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JEW (The Word):

Up to the seventeenth century this word was spelled in Middle English in various ways: "Gyu," "Giu," "Gyw," "Iu," "luu," "Iuw," "Ieu," "Ieuu," "Ieuz," "Iwe," "Iow," "Iewe," "Ieue," "lue" ("Ive"), "Iew," "Jew." All these forms were derived from the Old French "Giu," which was earlier written "Juieu," derived from the Latin accusative "Judæum" with the elision of the letter "d." The Latin form "Judæus" was derived from the Greek 'Iουδαĩοσ; and this in turn from the Aramaic , corresponding to the Hebrew a gentilic adjective from the proper name "Judah," seemingly never applied to members of the tribe, however, but to members of the nationality inhabiting the south of Palestine (Jer. xliii. 9). It appears to have been afterward extended to apply to Israelites (II Kings xvi. 3) in the north. The English word is met with in the plural form as early as 1175, in the Lambert "Homilies"; in earlier English the form "Iudea," derived from the place-name "Iudea," is found in the Anglo-Saxon Gospels (John xviii. 35) of about the year 1000. Ormin, about 1200, uses the form "Judeow," derived from Old High German "Judeo," from which the modern German "Jude" is also derived.

In the Old Testament the term "Jew" appears to be applied to adherents of the worship of Yhwh as conducted at Jerusalem after the Exile: it is thus used in the late Book of Esther. In more modern usage the word is often applied to any person of the Hebrew race, apart from his religious creed. At one time during the emancipation era there was a tendency among Jews to avoid the application of the term to themselves; and from 1860 onward the words "Hebrew" and "Israelite" were employed to represent persons of Jewish faith and race, as in the titles "Alliance Israélite Universelle" and "United Hebrew Charities." At the present time the name "Jew" is being more commonly employed.

The word is sometimes used as an adjective, as in "Jew Bill," "Jew boy," etc.; frequently in special combinations, as in "Jew-baiting," corresponding to the German "Juden Hetze," and in "Jew bail," insufficient bail; but more often in the genitive, as "Jew's eye," a proverbial expression for something very valuable, used by Shakespeare ("Merchant of Venice," Act II., Scene V., line 43); "Jews' houses," remains of ancient smelting-furnaces in Cornwall; "Jews' tin," lumps of tin found in the "Jews' houses." The term occurs in very many names ofplants, as "Jews'-apple," the egg-plant (Solanum esculentum); "Jew-bush" (Pedilanthus tithymaloides); "Jews'-myrtle," butchers'-broom; "Jews' frankincense," a plant of the genus Styrax; "Jews'-mallow" (Corchorus olitorius), a plant of the linden family; "Jews'-thorn," the Christ's-thorn.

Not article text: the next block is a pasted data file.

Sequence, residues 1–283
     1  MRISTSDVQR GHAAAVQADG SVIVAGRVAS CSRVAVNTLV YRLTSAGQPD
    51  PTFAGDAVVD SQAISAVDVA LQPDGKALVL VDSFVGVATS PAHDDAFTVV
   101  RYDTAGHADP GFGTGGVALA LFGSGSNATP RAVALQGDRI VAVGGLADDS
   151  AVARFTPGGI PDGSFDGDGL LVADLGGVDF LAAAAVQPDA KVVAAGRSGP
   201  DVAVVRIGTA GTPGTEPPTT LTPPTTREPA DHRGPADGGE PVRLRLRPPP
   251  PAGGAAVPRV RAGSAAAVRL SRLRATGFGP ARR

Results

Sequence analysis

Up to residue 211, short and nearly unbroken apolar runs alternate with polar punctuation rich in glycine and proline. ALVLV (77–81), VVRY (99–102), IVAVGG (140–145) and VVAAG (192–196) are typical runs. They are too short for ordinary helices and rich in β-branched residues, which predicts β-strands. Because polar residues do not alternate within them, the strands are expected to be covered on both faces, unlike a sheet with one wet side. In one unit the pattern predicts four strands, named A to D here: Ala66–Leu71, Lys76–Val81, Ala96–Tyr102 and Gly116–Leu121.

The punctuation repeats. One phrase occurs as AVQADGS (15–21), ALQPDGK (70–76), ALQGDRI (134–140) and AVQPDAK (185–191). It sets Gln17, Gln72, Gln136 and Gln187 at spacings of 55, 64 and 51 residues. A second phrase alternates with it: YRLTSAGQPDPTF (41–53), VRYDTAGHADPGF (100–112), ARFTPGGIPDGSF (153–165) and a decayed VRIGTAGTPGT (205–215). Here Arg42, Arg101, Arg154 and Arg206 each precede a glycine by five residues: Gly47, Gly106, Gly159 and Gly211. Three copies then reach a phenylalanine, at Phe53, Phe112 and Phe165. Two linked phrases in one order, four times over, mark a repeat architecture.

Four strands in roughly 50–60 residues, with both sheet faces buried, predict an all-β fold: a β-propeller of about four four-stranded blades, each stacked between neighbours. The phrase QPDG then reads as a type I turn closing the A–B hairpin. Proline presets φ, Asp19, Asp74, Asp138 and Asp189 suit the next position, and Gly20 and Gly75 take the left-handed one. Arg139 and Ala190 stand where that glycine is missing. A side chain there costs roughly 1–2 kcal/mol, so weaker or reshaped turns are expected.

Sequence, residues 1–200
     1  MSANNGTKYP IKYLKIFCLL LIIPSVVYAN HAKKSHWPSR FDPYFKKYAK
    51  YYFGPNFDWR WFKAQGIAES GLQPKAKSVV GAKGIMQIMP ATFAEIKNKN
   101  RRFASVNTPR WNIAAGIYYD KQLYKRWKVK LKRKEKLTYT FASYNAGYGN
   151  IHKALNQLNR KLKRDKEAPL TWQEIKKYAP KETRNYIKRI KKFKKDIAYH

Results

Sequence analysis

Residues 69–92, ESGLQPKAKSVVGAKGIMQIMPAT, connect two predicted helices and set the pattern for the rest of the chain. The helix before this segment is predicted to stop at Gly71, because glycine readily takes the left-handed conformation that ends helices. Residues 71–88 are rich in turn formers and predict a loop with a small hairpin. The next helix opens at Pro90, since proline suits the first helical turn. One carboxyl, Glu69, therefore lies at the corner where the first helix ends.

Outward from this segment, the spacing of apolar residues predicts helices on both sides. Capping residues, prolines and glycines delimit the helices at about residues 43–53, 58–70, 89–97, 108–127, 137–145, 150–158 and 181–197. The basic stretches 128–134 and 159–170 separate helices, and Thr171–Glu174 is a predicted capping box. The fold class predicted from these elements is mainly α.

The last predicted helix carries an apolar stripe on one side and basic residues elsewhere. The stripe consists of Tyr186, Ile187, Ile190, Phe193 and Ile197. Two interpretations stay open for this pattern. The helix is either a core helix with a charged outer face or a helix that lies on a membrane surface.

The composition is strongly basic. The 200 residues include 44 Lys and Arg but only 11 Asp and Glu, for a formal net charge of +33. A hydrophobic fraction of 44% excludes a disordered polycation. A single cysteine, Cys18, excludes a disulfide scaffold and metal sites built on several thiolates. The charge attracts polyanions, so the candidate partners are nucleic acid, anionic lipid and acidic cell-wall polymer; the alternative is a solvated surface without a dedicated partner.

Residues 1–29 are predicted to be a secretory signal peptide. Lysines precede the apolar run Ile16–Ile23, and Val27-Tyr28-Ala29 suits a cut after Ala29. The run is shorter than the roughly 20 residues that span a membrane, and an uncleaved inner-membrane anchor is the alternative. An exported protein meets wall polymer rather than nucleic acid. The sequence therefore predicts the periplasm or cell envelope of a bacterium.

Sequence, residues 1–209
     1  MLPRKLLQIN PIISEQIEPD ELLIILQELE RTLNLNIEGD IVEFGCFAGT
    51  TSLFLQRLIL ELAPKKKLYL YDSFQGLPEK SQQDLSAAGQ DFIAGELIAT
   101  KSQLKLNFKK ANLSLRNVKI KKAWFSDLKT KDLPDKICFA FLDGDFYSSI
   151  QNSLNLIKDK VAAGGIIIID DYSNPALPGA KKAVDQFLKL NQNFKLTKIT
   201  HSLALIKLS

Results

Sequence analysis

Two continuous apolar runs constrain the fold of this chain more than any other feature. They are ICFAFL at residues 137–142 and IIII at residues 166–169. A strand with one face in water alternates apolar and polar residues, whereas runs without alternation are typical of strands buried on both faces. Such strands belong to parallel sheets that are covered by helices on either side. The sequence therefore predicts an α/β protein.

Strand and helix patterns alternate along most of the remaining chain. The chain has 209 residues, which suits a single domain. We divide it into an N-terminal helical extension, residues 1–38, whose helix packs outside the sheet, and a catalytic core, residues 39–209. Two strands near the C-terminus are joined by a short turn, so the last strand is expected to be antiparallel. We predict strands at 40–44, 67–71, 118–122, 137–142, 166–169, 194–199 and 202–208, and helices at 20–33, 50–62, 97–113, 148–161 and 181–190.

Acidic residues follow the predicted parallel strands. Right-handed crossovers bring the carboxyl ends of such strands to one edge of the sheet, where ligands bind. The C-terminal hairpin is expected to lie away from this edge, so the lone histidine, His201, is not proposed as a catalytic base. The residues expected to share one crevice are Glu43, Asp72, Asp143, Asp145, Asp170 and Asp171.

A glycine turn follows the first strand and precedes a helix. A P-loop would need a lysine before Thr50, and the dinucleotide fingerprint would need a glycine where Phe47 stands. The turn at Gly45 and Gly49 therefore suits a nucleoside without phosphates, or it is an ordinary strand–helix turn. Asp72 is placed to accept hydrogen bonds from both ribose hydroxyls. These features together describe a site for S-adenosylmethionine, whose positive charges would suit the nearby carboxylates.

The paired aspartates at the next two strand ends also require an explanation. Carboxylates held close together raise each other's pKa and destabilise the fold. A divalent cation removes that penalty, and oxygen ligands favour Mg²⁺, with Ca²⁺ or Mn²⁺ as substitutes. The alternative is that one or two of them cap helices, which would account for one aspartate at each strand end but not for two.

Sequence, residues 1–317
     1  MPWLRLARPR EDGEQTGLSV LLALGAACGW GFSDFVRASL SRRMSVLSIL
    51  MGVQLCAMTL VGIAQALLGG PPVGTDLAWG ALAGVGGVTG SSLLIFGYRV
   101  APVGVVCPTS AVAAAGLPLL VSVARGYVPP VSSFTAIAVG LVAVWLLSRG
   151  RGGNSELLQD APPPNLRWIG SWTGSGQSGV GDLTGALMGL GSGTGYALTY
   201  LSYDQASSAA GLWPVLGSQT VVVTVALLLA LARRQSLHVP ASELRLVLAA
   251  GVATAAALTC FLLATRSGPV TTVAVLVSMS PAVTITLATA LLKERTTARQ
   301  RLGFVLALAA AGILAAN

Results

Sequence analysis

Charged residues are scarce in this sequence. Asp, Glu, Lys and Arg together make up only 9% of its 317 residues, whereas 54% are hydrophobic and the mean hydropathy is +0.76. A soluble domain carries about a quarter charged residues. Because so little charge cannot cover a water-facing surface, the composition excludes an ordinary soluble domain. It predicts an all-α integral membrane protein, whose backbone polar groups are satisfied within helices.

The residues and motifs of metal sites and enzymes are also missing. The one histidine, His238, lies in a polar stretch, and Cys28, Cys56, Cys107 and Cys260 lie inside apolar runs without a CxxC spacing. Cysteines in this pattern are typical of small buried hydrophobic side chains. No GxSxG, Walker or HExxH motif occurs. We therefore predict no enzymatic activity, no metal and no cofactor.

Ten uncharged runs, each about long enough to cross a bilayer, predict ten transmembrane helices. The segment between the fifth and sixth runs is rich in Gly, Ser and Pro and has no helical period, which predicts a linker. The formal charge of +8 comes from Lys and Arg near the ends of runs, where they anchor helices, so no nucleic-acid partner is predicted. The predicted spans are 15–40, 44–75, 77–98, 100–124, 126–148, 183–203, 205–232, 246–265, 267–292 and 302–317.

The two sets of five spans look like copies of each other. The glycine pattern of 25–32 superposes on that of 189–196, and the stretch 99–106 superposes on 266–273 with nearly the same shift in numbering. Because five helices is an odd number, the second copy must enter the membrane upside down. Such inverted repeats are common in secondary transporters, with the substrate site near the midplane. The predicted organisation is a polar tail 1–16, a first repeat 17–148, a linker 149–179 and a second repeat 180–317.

Of the several terms derived from the word "Jew" the only derivations in common use are "Jewess," "Jewish," and Jewry; but there are several curious more or less obsolete forms, as "Jewhead" (1300), "Jewhood" (Carlyle), "Jewishness," "Jewdom," "Jewism," and "Jewship," all used for the religious system of the Jews, as well as "Jewling," used by Purchas (1613) for a small or young Jew. As adverbs are used "Jewishly" and "Jewly" (Wyclif, 1382). In more modern English the adjectival and adverbial derivations are from the original Latin form—"Judaic," "Judaical" (rare), "Judaically," radically connected with the word "Judaism." The chief derivations, however, "Judaizer," "Judaist," and "Judaistic," with the verb "Judaize," and the noun "Judaization," refer rather to Jewish tendencies in the Christian Church than to any specifically Jewish characteristics.

Special classes of Jews have often specific names; thus, in the Caucasus, Bergjuden"; those in Maga, near Shemachi, "Biki." Those of Jamaica used to be called "Smouse Jews" (H. Adams, "History of the Jews," p. 459); those of northwest Africa are termed Daggatun and "Riff Jews"; while those who have nominally left Judaism have often special names, such as Maranos, "Chuetas," "Anusim," "Maimin," "Jedid al-Islam," and Crypto-Jews. Symbolic epithets for the Jews are: "Chosen People," "People of the Book" (supposed to be derived from Mohammed, who, however, used the term "Peoples of a Book" (or Scripture) as applying equally to Jews, Christians, and Sabeans), "Peculiar People" (comp. M. Ḳ. 16b), "Israel," "Jeshurun," "Keneset Yisrael," "Dove" (comp. D. Kohan, "Yonah," in "Ha-Asif," 1889, v.), "The Nation," "The Race," "The Lily" (comp. Cant. v. 13).

Slang names, given to the Jews by their opponents, also occur, as "Sheeny" in English, "Zit" in Russian, "Youtre" in French. Among Russian Jews a distinction is made between "Yehudi," a Jew of German origin, and "Yid," one of Russian or Lithuanian extraction.

Bibliography:
  • Jellinek, Jüdische Stamm, i. 10-19, ii. 97-98;
  • Allg. Zeit. Jud. ii. 241;
  • Jewish Voice, Feb. 23, 1900;
  • Murray's New English Dict.
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